Last week I attended the OU Openlearn conference in Milton Keynes. Presentations will be available from the conference website (agumented with audio recordings) as well as links to various blogs about the conference.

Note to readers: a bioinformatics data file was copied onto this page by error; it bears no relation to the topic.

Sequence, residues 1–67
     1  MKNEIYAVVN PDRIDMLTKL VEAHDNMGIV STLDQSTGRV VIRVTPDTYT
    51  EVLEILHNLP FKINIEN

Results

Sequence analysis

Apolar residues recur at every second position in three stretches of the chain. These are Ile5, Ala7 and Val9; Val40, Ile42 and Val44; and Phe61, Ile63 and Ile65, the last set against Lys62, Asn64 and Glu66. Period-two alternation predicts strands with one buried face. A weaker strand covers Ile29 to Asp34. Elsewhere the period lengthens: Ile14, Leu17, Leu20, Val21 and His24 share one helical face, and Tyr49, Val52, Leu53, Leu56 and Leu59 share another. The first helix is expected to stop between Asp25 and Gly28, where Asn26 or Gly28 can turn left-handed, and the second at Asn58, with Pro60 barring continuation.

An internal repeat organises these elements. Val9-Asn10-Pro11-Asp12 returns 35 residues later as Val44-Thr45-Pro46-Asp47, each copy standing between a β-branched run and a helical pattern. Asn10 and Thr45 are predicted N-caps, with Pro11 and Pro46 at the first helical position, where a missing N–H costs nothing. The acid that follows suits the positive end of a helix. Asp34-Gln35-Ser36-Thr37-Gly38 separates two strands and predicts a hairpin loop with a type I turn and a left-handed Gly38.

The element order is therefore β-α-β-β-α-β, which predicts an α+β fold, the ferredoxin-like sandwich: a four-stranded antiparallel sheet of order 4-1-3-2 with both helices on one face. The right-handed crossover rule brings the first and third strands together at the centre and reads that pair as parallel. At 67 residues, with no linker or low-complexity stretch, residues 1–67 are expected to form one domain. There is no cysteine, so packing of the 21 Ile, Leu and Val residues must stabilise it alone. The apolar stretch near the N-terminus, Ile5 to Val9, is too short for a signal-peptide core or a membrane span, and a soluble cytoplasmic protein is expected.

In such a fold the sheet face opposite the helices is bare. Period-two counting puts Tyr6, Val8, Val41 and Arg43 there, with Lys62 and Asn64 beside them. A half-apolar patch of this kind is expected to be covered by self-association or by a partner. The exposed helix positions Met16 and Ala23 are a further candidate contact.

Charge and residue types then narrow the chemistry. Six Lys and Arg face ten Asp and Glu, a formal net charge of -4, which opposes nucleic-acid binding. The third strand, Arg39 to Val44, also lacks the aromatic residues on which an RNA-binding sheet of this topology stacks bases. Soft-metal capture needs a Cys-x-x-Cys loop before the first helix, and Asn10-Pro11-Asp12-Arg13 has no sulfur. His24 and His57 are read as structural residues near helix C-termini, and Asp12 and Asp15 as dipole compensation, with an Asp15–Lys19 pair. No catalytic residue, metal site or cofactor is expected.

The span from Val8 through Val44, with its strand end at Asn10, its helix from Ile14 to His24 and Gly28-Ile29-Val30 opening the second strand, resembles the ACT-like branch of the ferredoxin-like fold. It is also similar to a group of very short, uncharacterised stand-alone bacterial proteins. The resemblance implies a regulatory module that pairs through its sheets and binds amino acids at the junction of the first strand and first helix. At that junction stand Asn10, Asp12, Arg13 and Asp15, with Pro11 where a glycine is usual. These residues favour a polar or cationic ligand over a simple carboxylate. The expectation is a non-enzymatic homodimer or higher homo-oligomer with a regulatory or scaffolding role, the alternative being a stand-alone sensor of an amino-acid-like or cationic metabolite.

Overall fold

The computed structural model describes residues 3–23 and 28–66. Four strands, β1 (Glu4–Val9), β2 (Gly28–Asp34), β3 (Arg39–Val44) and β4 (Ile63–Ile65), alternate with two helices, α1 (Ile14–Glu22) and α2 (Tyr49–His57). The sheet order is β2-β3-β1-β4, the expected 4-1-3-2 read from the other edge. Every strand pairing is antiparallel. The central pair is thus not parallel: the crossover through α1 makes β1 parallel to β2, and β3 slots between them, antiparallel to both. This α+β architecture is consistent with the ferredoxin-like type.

There were a couple of presentations I’d like to highlight. Firstly Tony Hirst’s on the use of RSS feeds and OPML bundles to distribute openlearn material really gave an insight into how easy it should be to create delivery mechanisms on demand from open content. I also really enjoyed Ray Corrigan’s talk “is there such a thing as sustainable infodiversity?” Ray highlighted a number of issues around sustainability of technology, energy consumption, disposable hardware. It’s all too easy to forget just how much of our natural resources are being consumed by all the technology which is so common place now. (As an aside, this was another conference where delegates were given a vast amount of paper as well as conference proceedings on a memory stick – something we are trying to avoid at the up coming JISC CETIS conference.) He also highlighted some of the recent applications of copyright laws that cut to the core of any ‘open’ movement. This view was nicely complimented by Eric Duval’s presentation where he encouraged the educational community to be more assertive and aggressive about copyright and use of materials for educational purposes – encouraging more of a ‘bring it on’ attitude. All well and good but only if academics have the security of institutional back up to do that. On that note it’s been interesting to see this weekend that the University of Oregon is refusing to give over names of students downloading music to the RIAA (see SlashDot for more information on that one).